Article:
The Right Way to “Wait” for May 1st
Everyone talks about the waiting game for students—that period between submitting their application and hearing about acceptance. People often forget that once the students’ allotted period of torture concludes, the admission officers’ begins.
You’ve carefully plotted the early acceptance, accepted, waitlisted, and denied students. You’ve done the math, did it again, and had a colleague check it. You’ve sent out the notifications. Now it’s your turn to wait. With Decision Day quickly approaching, you notice that several students you accepted still haven’t confirmed enrollment.
The instinct is to let them have time to mull it over, leave them be, or gently nudge them into finalizing their postsecondary choice. The closer it gets to May 1st, the more nerve wracking the game becomes, but there’s something to be said for patience, right?
The Temperature of the Room
Let’s talk about the situation for a minute here: in 2017, only 34 percent of colleges reached their targets for new student enrollment. To put this into perspective, two years prior, in 2015, that number was 42 percent. While that still clocks in lower than we’d all like, it shows that there’s a definitive decline in achievement for enrollment goals.
There are a number of factors that all pool into this, though. Students are concerned about drowning in debt, which has decreased the number of applications being received by colleges, private, public, and community. The tenuous relationship with other countries has stunted the influx of international students, while image issues plague a number of schools. The social media debacle even plays a role in the equation, since students’ applications are being denied, or admission revoked, due to unacceptable posts.
None of this is within the admission officers control, but it heavily affects what happens on May 1st. Even amidst all of these factors, there are steps admission officers can take to get closer to their enrollment goals: focus on admitted students who you felt were responsive and interested.
What’s stopping them from enrolling?
It’s a simple question, and it’s one you should directly ask those students. Karen Full, a higher education professional, calls it “Feel, Felt, Found”, and it’s exactly what it sounds like. Feel for the problem and, once you’ve acknowledged that it’s been felt, you can claim it as found and tackle the issue.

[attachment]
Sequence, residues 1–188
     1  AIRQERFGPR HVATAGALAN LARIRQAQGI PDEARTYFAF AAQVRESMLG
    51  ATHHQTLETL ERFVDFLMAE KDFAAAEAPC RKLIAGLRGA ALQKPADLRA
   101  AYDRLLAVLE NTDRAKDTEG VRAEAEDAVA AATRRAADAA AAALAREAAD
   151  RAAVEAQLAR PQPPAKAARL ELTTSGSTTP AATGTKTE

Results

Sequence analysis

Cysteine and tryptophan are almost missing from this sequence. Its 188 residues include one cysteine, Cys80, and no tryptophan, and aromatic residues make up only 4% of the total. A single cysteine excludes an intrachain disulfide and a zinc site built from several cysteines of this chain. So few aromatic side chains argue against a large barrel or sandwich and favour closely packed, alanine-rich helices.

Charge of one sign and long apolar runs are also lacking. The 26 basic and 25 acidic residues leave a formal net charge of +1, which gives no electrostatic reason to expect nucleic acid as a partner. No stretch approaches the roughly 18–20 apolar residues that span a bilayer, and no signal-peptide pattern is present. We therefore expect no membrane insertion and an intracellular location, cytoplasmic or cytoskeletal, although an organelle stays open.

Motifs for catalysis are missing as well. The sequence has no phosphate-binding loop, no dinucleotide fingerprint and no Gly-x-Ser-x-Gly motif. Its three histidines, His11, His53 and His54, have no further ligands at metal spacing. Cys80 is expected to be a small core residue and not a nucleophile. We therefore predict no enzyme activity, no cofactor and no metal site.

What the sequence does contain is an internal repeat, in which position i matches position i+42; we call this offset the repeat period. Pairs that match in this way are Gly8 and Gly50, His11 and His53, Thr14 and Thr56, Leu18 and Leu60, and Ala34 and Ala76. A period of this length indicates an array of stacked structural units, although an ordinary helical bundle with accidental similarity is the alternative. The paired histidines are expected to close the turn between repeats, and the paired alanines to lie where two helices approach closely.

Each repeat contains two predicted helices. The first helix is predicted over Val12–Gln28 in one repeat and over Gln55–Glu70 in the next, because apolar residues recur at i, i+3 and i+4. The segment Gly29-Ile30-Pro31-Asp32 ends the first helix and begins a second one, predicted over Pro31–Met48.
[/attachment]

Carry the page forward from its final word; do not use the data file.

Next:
This is a big decision and with only weeks (or days) left to make it, students are feeling the pressure. This is where admissions officers can jump in and play something of a therapist to draw those concerns out—and subsequently allay them. They can run the gamut from cost to school size to distance from home, but how can you assist them in the decision if you don’t know what’s staying their hand?
Getting these fence sitters over the top is going to take more than a nudge—it’s going to take some true entrepreneurial muscle, as well as going back to the roots of what you do. This is an investment anywhere between $100,000 and $300,000 dollars. If the students weren’t concerned, it would be more reason to worry.
Adopting a student-centric method that focuses on the students’ goals and how [insert college here] can provide the tools they need to achieve those dreams is incredibly important. This also paves the way to discuss contentions that these prospective students may have, giving you the opportunity to acknowledge their feelings and, ultimately, soothe them.
It’s quite possible that you need more tools at your disposal to offer a customized experience for your prospective students, and it’s one of the reasons that collaborating with the digital marketing department is highly encouraged. It can help you hone in on what specific students are really looking for—where they’ve spent the majority of their time on your website, and, ultimately, what they want from you.
Students are boiling over under all of the heat, and they’re more than likely ready to spill everything that’s whizzing around their stressed-out minds. It’s just a matter of asking that simple, direct question, “What’s stopping you from enrolling?”